This trip was an experience I will never forget. For me, the trip was one of the last I will have with her, and I wanted to build a memory with her connected to art. She and my father were 100% behind my pursuing art as a vocation. Mom’s been my biggest fan for my entire life… and holds the unique position of being the only one who has known me and loved me longer than my days “on the outside.” When mom was in high school, she was one of the strongest artists in her rather large Los Angeles high school, and she wanted to attend the LA Art Center but could not afford it. 4 years later, she married my dad, and went to work to help support him through his last semester of his college years at Caltech in Pasadena, living in a small house several blocks from where I would live 32 years later, when I attended Art Center College of Design — the same school my mom wanted to attend, but with a different name and new location.
The thing is, we believe it’s probably best to let everyone know now. She is, in her own words “not long for this earth.” Her muscles are all atrophied, and her appetite is diminishing. She rallies short moments of strength — but she’s never lost her sense of humor.
I am asking those of you who know her, even a little bit, to send her off with the blessing of a kind note while she is still of sound mind and strength to read it or have it read to her. [email] [Facebook Page] You may get a response, but more than likely not. I hope that’s okay with you.
Would you simply tell her what you like about her, or how she has impacted your life in any way? Maybe you can tell her a memory you have of something that cheered you, touched you or eased your own pain? Don’t worry about making her cry. She probably will, no matter what you say. 🙂
Our thinking is: we’d like to have her be present at her own Memorial… to hear the things people say about her BEFORE she’s gone.
We have praying friends, friends who send positive thoughts, friends of all faiths, and friends with no faith at all. We appreciate the friendship most of all.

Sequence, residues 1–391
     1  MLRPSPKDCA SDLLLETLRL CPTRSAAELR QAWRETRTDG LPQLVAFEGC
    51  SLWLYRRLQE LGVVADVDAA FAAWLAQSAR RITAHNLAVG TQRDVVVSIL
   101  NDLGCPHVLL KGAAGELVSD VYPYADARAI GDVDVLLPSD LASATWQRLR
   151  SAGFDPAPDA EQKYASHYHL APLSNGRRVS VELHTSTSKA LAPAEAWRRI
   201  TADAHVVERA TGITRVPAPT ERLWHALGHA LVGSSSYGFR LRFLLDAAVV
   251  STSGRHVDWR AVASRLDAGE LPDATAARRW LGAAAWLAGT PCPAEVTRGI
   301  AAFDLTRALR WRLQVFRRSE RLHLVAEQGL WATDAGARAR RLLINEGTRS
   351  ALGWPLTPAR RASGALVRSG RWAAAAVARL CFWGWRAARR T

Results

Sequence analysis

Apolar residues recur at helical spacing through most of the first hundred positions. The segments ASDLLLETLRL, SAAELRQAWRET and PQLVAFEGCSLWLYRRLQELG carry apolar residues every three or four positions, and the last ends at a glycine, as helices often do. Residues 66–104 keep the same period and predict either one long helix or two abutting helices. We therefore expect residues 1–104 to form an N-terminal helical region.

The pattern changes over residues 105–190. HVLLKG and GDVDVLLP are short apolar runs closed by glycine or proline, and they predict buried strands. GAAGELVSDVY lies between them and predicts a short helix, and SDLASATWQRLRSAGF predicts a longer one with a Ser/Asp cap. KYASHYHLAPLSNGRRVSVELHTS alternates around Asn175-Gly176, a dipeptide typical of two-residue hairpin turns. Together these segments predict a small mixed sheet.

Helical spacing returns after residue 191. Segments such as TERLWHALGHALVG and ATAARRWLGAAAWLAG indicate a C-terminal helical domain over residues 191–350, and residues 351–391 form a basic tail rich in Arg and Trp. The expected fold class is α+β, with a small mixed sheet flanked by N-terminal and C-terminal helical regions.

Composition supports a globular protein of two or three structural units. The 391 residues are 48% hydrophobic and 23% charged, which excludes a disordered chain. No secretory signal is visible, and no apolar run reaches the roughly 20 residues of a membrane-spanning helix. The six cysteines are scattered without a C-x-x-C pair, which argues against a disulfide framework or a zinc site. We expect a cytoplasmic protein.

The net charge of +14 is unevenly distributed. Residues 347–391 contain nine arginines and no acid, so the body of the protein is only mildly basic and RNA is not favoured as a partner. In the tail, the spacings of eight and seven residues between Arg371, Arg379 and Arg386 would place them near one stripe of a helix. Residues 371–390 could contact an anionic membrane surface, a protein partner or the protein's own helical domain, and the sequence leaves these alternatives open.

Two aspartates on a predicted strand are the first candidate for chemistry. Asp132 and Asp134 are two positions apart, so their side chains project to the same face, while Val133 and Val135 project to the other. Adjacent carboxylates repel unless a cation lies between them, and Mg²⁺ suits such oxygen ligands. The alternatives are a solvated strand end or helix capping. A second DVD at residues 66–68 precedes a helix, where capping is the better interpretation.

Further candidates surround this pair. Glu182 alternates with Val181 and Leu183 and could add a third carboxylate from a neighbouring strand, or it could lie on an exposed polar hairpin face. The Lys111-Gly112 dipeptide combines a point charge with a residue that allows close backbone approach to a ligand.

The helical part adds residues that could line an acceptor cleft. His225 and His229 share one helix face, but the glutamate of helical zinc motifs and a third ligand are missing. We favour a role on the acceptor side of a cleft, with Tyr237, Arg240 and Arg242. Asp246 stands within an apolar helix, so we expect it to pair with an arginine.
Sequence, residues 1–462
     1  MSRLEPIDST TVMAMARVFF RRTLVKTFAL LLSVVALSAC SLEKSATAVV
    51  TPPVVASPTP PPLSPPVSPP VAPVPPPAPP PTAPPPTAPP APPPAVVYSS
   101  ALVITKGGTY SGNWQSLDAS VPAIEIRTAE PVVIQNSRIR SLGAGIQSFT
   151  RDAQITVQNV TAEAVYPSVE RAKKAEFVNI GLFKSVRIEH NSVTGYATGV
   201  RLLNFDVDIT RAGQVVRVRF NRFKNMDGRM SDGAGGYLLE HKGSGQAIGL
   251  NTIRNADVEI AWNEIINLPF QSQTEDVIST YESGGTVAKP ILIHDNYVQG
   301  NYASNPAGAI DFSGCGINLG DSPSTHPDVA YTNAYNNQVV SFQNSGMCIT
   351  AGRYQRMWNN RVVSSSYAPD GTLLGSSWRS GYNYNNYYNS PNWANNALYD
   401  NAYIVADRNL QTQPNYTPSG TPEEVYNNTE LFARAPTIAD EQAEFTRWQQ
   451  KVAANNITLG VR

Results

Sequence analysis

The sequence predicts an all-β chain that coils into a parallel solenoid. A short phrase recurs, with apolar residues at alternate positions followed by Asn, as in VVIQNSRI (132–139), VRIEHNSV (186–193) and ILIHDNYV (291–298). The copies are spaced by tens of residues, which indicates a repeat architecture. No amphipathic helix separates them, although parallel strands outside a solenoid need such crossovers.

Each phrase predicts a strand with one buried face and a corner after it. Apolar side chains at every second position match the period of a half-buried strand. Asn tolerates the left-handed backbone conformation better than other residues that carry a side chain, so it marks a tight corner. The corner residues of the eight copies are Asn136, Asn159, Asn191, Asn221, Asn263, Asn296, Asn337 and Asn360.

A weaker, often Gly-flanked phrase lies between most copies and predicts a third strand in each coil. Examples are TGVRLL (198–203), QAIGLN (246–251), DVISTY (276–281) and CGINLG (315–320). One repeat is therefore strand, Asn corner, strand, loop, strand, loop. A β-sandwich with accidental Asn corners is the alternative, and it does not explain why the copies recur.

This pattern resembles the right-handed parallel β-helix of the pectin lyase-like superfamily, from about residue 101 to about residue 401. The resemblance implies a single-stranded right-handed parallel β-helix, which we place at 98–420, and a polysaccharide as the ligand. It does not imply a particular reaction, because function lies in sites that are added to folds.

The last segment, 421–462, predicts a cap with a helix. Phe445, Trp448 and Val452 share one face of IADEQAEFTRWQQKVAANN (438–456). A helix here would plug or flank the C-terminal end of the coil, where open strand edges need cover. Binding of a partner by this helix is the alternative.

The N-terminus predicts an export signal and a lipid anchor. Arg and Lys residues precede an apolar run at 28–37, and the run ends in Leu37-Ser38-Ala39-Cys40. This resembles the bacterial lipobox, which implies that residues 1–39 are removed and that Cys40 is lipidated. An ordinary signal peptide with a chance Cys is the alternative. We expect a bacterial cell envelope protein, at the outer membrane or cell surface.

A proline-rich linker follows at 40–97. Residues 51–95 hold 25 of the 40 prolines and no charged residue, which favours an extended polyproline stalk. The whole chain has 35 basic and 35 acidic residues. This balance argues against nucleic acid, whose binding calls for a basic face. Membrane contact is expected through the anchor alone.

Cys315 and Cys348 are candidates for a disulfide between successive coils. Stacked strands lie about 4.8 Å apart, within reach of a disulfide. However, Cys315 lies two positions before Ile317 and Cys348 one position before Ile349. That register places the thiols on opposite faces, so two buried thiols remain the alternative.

From our praying friends, I ask you to pray two things in one: Ask God for a complete miracle healing or quick passing — hopefully, she says, in her sleep. It’s okay with us for you to ask that her passing be quick. She has our permission to leave.
We also request that you PLEASE REFRAIN from typing out your prayers on her Facebook page, or that of John’s, my sister Joanne’s or my own. Thank you. (It’s something we see done by well-meaning folk, and we just don’t want it at this time. Thank you for respecting our wishes over your desire to carry out your faith in that way).
My mother loves her kids the way they are, and would not want us to change. Though the tone of this note is somber, I know that my mom would not want me to alter my daily postings due to her diminished health or demise, so I plan to do my best to share what I love and what makes me laugh right on through her passing and after — I hope that doesn’t appear to be uncaring. I just know my mom would want that. (I am calling a moratorium on my own political rants, though — really, what’s the point?)
We are a family of faith, but beyond that you’d have to really know each of us to know exactly what that means to us each. Our faith is a hope in things not seen, unprovable and non-disprovable. Based on our faith, and trust in the Scriptures, we believe that none of us measures up to what a holy God requires (Romans 3: 23), but in his mercy he provided a solution: salvation by grace — a free gift from God himself, accepted by us through the vehicle of faith and nothing more (Ephesians 2:8–9) — and based on this, we have assurance we will see Mom again outside the realm and constraints of time. We will join her again someday in Eternity.
Therefore we anticipate her departure from us with some measure of sadness, but not loss. For it is only temporary.
I want to thank each of you I have met over the years here and online elsewhere for making my mom part of your lives. For taking her in as you have me. We are grateful.
Thank you for taking the time to read all this, my dear friends.